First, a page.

Harold Krebs wants the simple life. He’s tired of the lying and the feeling he gets from having to lie to friends and family about the war and about everyday things just to get them to back off. His mother and father both want him to become like the other men that have returned from the war, that is, to get a job, find a nice girl and settle down. But Krebs doesn’t want that. He’s been too changed by the war.
His army training has seriously affected how he looks at girls. He doesn’t want to work at getting a girl having to go out and driving them around and talking to them. Hi wants a girl that doesn’t care about the war or wants him to tell them war stories. His sister, on the other hand, is the only person that thinks of him as a hero and still loves him, without provocation, without temptation, and without being cynical, even though, the war has changed him. This is shown when Krebs sister ask’s him to be her beau.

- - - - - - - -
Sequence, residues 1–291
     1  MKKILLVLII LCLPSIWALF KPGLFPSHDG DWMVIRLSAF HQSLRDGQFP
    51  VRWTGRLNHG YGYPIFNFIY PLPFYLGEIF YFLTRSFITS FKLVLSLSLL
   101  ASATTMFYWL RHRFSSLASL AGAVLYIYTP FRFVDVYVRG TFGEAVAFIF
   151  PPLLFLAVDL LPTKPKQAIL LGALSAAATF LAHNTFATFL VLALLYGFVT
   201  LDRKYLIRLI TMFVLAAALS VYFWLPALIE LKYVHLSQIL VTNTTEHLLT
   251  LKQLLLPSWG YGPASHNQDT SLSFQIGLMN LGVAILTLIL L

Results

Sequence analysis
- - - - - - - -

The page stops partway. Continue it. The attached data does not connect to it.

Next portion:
His sister asks him to be her beau: “ I tell them that you’re my beau. Aren’t you my beau, hare?” “You bet.”
“Couldn’t your brother really be your beau just because he’s your brother?” “I don’t know.”
“[…] Couldn’t you be my beau, hare, if I was old enough and if you wanted to?” “Sure, You’re my girl now.”(Hemingway 168)
Finally in the end, he realizes that coming home isn’t right for him in the aspect that the town has not changed except for the girls who are now all grown up. His father still drives the same car and works at the same job and lives in the same childhood home that...